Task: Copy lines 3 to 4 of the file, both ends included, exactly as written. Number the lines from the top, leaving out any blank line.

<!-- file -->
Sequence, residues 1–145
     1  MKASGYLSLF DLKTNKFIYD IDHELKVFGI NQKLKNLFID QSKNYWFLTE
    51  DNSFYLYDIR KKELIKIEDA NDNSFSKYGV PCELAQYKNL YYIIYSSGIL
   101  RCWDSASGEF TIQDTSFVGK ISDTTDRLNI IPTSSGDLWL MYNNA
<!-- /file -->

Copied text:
    51  DNSFYLYDIR KKELIKIEDA NDNSFSKYGV PCELAQYKNL YYIIYSSGIL
   101  RCWDSASGEF TIQDTSFVGK ISDTTDRLNI IPTSSGDLWL MYNNA